Washburne’s Charter Holdings nabs historic Dallas building

Adds Founders Square building to downtown portfolio

Charter Holdings' Ray Washburne with Founders Square, 900 Jackson Street
Charter Holdings' Ray Washburne with Founders Square, 900 Jackson Street (Ray Washburne, Google Maps, Getty)

A piece of Downtown Dallas history now belongs to Ray Washburne’s Charter Holdings. 

The local investor, who is betting big on a downtown resurgence, nabbed the The Founders Square building near the Kay Bailey Hutchison Convention Center.

 Washburne said he plans to renovate and upgrade the seven story building that sits at 900 Jackson Street, The Dallas Morning News reported. The historic brick building was constructed in 1915 primarily as a warehouse for the Higginbotham-Bailey-Logan Co., a dry goods company. It was converted into office space in 1984 and is an iconic staple in Downtown Dallas.

The purchase price was not revealed but the building’s estimated market value is $14 million, according to the Dallas Central Appraisal District.

“I’ve been working on this deal for months. I’m buying it because I love the building,” Washburne told the DMN. “It’s about 75% leased primarily to a bunch of law firms.”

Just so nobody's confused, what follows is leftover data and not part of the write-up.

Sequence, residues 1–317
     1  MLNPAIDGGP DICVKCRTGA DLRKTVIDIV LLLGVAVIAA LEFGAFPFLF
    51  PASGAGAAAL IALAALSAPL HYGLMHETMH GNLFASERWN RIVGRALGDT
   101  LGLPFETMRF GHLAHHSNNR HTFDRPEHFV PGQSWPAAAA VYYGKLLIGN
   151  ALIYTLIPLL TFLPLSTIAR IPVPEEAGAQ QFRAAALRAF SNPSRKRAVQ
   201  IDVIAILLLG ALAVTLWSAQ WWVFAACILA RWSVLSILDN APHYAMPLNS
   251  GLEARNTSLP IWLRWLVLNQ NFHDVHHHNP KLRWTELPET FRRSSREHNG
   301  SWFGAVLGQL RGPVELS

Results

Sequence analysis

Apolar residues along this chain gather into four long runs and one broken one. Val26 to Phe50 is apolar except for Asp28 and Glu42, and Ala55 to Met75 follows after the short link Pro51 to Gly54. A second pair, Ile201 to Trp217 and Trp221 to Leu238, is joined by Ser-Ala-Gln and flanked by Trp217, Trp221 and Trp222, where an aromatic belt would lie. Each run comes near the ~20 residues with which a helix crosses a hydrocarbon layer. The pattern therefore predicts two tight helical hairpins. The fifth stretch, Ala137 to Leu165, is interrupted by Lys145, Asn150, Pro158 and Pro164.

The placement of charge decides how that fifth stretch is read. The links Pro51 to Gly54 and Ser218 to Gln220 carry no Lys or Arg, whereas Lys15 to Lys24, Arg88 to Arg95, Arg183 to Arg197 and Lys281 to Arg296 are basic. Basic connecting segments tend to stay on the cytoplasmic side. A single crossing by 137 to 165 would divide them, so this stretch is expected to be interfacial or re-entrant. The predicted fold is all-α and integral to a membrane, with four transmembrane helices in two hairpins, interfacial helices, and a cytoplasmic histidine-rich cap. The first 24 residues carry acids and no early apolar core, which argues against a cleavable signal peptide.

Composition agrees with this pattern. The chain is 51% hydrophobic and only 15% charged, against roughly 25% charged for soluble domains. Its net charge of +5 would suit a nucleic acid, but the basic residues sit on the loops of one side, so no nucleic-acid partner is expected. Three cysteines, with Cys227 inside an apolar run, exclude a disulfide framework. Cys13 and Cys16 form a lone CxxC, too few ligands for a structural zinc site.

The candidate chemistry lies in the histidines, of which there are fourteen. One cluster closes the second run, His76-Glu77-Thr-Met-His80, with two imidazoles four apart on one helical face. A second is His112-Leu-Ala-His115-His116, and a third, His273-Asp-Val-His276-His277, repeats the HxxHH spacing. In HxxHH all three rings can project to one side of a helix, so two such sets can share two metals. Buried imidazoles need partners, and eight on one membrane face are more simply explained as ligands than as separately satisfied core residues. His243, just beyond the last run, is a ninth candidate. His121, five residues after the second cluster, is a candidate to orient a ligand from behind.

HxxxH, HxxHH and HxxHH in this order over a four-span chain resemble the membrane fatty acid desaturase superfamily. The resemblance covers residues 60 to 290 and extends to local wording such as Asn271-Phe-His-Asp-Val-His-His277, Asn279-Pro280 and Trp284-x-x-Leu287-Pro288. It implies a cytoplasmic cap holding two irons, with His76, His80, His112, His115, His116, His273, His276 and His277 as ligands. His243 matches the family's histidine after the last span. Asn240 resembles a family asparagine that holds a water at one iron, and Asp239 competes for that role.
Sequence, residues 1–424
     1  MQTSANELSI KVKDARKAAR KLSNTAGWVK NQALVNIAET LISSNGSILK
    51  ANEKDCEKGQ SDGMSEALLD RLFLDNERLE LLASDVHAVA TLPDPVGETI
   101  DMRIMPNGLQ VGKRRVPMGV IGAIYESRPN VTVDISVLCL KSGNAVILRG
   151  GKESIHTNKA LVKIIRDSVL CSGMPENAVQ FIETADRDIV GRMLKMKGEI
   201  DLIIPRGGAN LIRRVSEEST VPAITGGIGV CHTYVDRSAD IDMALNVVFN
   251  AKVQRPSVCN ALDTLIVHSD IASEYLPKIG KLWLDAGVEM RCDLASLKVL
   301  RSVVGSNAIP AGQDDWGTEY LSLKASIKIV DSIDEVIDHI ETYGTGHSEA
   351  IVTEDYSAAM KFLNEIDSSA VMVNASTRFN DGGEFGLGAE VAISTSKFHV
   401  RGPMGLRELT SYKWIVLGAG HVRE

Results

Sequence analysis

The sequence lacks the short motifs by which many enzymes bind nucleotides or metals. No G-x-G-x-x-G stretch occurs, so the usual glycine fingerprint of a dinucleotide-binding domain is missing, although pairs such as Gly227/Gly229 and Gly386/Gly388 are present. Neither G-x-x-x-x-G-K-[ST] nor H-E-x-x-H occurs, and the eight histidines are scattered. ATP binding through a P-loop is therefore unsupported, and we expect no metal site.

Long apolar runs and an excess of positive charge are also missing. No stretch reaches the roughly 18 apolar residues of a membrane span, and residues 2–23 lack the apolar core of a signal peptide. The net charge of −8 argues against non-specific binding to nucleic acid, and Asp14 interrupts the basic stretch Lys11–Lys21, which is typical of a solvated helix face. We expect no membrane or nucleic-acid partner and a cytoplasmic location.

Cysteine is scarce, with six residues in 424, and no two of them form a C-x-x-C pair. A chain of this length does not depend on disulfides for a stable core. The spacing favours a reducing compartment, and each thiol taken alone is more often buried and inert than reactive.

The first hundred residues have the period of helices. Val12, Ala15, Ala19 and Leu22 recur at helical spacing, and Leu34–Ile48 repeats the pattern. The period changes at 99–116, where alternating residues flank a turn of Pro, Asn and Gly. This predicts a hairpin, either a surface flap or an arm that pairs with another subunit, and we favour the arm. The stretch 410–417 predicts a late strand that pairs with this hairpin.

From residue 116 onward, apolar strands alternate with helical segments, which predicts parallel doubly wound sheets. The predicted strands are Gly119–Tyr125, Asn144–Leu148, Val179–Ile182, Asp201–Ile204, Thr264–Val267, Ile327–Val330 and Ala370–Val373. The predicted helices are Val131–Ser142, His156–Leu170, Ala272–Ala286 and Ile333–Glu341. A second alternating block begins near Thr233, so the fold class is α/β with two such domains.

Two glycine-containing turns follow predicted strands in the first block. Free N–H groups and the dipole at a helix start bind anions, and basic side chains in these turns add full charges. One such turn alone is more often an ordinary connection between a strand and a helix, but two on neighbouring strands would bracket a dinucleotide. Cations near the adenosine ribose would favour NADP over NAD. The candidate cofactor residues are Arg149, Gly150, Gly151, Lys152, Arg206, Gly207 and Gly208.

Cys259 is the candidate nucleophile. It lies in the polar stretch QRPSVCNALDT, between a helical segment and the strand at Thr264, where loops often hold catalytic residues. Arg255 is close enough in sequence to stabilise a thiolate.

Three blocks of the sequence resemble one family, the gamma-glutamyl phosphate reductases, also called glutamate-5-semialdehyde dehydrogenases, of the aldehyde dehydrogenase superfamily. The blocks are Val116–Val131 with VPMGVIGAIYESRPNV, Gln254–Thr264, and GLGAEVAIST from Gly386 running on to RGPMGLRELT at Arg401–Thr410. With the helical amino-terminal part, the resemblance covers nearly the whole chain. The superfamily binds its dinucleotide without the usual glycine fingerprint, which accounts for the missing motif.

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The property was purchased from Taiwanese investment firm Fidelity Commercial. The deal was brokered by Newmark Group’s Gary Carr, Chris Murphy, Robert Hill and Chase Tagen.

Washburne said the Founders Square building needs to be renovated but he feels confident that there is still a demand for certain types of Class-B office space downtown.

“I’m going to go in and doll it up,” he said. “The building is stuck in the 1980s and I’m going to bring it up to cooler standards. There is a demand in downtown Dallas for affordable, convenient office space where, as a tenant, you are not lost in a big building.”

Washburne also made a splash downtown in 2017 when he bought the eight-acre property that was the former headquarters of the Dallas Morning News for $28 million. Washburne said he plans to transform the newspaper’s former campus into a hotel, entertainment and apartment development but is waiting to see if plans get finalized for a new Dallas convention center. The city is moving forward with a $3.5 billion plan for a new convention center after the approval of a proposition in the November election to raise the city’s hotel tax by 2 percent.

“I’ve been waiting to see what the city was going to do with the convention center. That whole end of downtown is going to explode in growth,” Washburne said.

Erick Pirayesh

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